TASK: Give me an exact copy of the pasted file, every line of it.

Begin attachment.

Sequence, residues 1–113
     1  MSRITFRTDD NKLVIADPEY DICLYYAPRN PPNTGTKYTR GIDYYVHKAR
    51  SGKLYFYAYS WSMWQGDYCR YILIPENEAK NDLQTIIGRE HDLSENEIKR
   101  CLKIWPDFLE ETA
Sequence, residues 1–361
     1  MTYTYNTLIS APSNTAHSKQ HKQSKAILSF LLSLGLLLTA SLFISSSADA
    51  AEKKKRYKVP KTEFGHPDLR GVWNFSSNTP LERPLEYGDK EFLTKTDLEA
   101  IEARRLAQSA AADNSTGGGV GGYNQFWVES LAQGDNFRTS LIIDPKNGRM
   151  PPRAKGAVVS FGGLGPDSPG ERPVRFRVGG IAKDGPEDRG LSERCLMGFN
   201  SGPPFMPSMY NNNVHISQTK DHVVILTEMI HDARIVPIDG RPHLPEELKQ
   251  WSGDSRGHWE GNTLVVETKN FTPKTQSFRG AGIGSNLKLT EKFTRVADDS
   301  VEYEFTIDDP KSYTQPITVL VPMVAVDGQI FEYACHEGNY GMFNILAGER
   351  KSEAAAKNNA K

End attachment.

Sequence, residues 1–113
     1  MSRITFRTDD NKLVIADPEY DICLYYAPRN PPNTGTKYTR GIDYYVHKAR
    51  SGKLYFYAYS WSMWQGDYCR YILIPENEAK NDLQTIIGRE HDLSENEIKR
   101  CLKIWPDFLE ETA
Sequence, residues 1–361
     1  MTYTYNTLIS APSNTAHSKQ HKQSKAILSF LLSLGLLLTA SLFISSSADA
    51  AEKKKRYKVP KTEFGHPDLR GVWNFSSNTP LERPLEYGDK EFLTKTDLEA
   101  IEARRLAQSA AADNSTGGGV GGYNQFWVES LAQGDNFRTS LIIDPKNGRM
   151  PPRAKGAVVS FGGLGPDSPG ERPVRFRVGG IAKDGPEDRG LSERCLMGFN
   201  SGPPFMPSMY NNNVHISQTK DHVVILTEMI HDARIVPIDG RPHLPEELKQ
   251  WSGDSRGHWE GNTLVVETKN FTPKTQSFRG AGIGSNLKLT EKFTRVADDS
   301  VEYEFTIDDP KSYTQPITVL VPMVAVDGQI FEYACHEGNY GMFNILAGER
   351  KSEAAAKNNA K